Setup Local APT Repository Using Installation Media In Debian 8

Setup Local APT Repository Using Installation Media In Debian 8

Few days ago, we wrote an article that describes how to setup a local repository using APT-Cacher and APT-Mirror in Ubuntu. Today, we are going to setup the same in Debian 8 using Installation CD/DVD. Lately, I downloaded all Debian 8 Jessie installation DVDs from Debian site. Here is the steps that describes how I created the local repository and how I made it accessible to all local clients over LAN.

As you may know, the main goal of setting up a local repository is to save Internet bandwidth. Because whenever we install a package, the client system pulls the package from Debian public servers. If you have large number of systems in your network, then it certainly consumes more Internet bandwidth while installing, updating or upgrading packages.

So, today we will setup a central local repository in our Debian server, so that the clients can install, update and upgrade the packages from the central repository without using internet. I tested this article in Debian 8, although it might work on other Debian/Ubuntu versions and it’s Debian derivatives.

Setup Local APT Repository In Debian 8

Update your Debian server

First of all, log in to your Debian server with root user and update the system using command:

apt-get update && apt-get upgrade

Then, install the essential packages which are needed to setup local repository using command:

apt-get install build-essential

Install Apache

We need to setup a web server to server all packages to the clients. In our case, let us install Apache web server.

To install apache, run:

apt-get install apache2

To test if Apache is working, open up your web browser and navigate to: http://<IP-Address>.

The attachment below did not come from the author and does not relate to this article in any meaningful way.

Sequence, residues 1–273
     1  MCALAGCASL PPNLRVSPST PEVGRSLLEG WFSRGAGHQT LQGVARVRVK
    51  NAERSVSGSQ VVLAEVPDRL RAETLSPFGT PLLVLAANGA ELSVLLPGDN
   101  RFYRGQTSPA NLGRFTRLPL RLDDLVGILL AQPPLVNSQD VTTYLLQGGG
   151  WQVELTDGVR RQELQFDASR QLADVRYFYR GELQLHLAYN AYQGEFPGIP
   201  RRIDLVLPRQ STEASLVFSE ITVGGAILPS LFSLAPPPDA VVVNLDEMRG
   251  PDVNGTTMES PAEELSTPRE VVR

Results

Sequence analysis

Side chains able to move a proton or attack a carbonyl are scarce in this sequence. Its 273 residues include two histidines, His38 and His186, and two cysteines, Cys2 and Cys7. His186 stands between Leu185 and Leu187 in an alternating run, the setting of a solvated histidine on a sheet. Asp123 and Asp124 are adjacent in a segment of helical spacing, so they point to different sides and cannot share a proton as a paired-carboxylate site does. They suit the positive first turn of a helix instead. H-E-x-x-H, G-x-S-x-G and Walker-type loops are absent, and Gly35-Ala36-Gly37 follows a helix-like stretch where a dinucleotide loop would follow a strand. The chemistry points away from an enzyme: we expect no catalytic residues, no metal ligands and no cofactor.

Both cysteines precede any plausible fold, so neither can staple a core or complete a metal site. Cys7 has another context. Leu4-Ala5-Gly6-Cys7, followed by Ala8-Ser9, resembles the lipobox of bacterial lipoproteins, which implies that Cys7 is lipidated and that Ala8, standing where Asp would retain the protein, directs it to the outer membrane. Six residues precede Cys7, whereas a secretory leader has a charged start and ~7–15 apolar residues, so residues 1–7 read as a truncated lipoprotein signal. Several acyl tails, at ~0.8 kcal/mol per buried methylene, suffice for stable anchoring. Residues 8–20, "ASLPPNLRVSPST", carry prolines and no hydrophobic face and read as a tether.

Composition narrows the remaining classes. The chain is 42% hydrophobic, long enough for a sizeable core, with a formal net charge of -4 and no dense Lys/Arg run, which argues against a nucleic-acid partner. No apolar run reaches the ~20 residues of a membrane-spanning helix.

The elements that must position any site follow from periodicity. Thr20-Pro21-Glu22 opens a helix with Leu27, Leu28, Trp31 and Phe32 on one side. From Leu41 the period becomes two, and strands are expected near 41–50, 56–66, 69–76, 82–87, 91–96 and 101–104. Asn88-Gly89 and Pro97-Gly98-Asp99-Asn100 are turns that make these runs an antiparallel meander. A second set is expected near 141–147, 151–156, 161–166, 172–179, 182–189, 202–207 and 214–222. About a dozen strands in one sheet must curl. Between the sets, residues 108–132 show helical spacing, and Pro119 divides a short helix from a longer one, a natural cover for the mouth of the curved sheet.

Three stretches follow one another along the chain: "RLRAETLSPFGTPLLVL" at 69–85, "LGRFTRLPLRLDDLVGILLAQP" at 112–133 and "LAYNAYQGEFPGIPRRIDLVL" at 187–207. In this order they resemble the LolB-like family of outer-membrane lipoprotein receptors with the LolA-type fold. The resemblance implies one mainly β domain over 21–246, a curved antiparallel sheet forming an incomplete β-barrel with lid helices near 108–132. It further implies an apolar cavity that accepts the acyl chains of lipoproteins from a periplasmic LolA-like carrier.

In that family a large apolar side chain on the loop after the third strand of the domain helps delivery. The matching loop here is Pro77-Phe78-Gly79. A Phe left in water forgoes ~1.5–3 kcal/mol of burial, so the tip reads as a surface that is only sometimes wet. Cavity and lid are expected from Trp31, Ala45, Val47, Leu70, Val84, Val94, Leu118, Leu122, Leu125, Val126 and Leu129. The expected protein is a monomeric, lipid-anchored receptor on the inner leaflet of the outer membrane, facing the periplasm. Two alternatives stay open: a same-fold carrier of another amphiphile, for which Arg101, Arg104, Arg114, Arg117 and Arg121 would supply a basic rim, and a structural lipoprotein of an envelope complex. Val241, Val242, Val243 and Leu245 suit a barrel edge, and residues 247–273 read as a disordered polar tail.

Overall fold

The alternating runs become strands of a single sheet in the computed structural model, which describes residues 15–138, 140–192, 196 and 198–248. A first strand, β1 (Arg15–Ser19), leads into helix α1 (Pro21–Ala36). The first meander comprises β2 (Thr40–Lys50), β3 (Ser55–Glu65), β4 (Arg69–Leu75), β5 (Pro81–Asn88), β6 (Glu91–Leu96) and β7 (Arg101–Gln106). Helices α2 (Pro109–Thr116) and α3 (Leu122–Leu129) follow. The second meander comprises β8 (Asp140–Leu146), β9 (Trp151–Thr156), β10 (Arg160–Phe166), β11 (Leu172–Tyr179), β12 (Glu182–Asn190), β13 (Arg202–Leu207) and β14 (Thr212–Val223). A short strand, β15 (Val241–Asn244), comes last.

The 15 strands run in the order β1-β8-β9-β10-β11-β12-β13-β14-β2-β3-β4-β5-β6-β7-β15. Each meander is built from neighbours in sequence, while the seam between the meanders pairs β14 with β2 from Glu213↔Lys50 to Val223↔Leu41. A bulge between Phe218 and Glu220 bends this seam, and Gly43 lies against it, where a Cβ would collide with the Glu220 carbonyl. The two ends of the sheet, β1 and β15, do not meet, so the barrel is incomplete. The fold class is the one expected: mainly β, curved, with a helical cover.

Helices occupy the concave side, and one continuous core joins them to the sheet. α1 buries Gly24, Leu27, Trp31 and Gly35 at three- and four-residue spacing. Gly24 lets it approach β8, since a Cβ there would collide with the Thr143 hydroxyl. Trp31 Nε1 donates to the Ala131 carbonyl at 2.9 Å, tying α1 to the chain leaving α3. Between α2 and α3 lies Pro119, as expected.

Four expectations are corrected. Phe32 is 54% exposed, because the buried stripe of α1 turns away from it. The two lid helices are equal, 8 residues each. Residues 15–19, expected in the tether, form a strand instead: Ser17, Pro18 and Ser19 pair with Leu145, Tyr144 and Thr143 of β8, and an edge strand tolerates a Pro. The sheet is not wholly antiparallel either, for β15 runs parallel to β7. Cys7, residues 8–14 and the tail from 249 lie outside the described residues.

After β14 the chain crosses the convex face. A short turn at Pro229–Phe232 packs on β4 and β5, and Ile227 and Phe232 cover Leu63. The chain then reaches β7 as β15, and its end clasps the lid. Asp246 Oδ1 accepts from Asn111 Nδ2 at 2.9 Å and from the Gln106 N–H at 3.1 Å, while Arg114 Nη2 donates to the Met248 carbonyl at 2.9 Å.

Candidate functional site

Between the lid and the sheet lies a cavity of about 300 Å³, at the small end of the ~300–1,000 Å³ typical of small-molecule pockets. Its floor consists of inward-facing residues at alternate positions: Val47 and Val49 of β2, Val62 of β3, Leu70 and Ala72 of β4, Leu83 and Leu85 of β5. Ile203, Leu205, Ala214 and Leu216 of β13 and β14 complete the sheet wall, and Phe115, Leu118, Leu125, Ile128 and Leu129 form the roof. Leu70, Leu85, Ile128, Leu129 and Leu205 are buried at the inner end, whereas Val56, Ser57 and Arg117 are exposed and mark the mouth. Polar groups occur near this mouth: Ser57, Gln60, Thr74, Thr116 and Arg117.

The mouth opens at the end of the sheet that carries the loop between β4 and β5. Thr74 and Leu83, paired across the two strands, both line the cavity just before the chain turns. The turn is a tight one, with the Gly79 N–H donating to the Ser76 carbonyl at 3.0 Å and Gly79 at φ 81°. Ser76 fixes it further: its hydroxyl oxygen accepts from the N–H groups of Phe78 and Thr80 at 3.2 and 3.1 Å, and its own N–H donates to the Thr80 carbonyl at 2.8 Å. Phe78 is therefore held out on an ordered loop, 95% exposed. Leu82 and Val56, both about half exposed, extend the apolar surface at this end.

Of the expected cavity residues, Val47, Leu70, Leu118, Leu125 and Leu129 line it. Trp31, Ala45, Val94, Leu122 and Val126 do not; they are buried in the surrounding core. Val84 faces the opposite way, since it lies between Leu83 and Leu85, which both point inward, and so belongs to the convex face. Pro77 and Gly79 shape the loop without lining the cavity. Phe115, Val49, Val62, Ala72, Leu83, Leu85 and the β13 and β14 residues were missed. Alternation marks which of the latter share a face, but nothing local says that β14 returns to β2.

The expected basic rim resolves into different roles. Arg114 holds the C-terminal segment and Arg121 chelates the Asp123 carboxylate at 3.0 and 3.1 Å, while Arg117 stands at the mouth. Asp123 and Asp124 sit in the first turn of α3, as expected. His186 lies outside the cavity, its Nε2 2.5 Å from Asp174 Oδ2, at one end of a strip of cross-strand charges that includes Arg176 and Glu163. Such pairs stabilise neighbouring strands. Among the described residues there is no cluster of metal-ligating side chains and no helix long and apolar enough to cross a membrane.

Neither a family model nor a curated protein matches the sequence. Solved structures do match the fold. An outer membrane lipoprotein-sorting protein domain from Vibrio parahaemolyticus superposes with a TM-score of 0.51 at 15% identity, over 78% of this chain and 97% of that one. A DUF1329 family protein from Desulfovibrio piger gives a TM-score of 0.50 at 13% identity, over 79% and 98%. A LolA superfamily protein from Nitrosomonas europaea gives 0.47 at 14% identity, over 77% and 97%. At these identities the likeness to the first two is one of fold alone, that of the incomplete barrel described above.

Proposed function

You should see the following output:

Apache2 Debian Default Page: It works - Google Chrome_001

Congratulations! Apache server is working!!

Create A directory to store all packages

Create a directory called packages under apache root document folder i.e /var/www/html.

mkdir /var/www/html/packages

Now, create additional directories under /var/www/html/packages/ to save packages depending upon your system’s architecture. For example, If you use 32 bit systems, create a directory called “i386″ or if you use 64 bit systems, create “amd64″ directory. You can keep both directories and serve packages to different architecture systems at the same time.

Here, I am using 64 bit systems in my LAN, so I am going to create a directory called “amd64″ under /var/www/html/packages/ directory.

mkdir /var/www/html/packages/amd64

Copying all DEB files from Debian installation media

Mount the first CD/DVD and copy all .deb packages to /var/www/packages/amd64/ directory from your CD/DVD.

mount /dev/cdrom /media/cdrom
find /media/cdrom/pool/ -name "*.deb" -exec cp {} /var/www/html/packages/amd64 \;

After copying all deb files, unmount the first DVD using the following command.

umount /media/cdrom

Again mount all remaining CD/DVD one by one and copy the .deb files as shown above.

To verify the files, navigate to from your browser. You will see all packages of your Debian DVD’s. Here is my Debian 8 server’s IP address.

Index of -packages-amd64 - Google Chrome_002

Create Catalog file

Switch to your repository directory i.e /var/www/html/packages/amd64/ :

cd /var/www/html/packages/amd64/

and enter the following command to create a catalog file for APT use. You should run this command so that Synaptic Manager or APT will fetch the packages from our local repository. Otherwise the packages in your local repository will not be shown in Synaptic and APT.

dpkg-scanpackages . /dev/null | gzip -9c > Packages.gz

This command will scan all deb files and create the local repository in your Debian server. This may take a while depending upon the number of packages in your local repository folder. Be patient or grab a cup of coffee.

Sample output: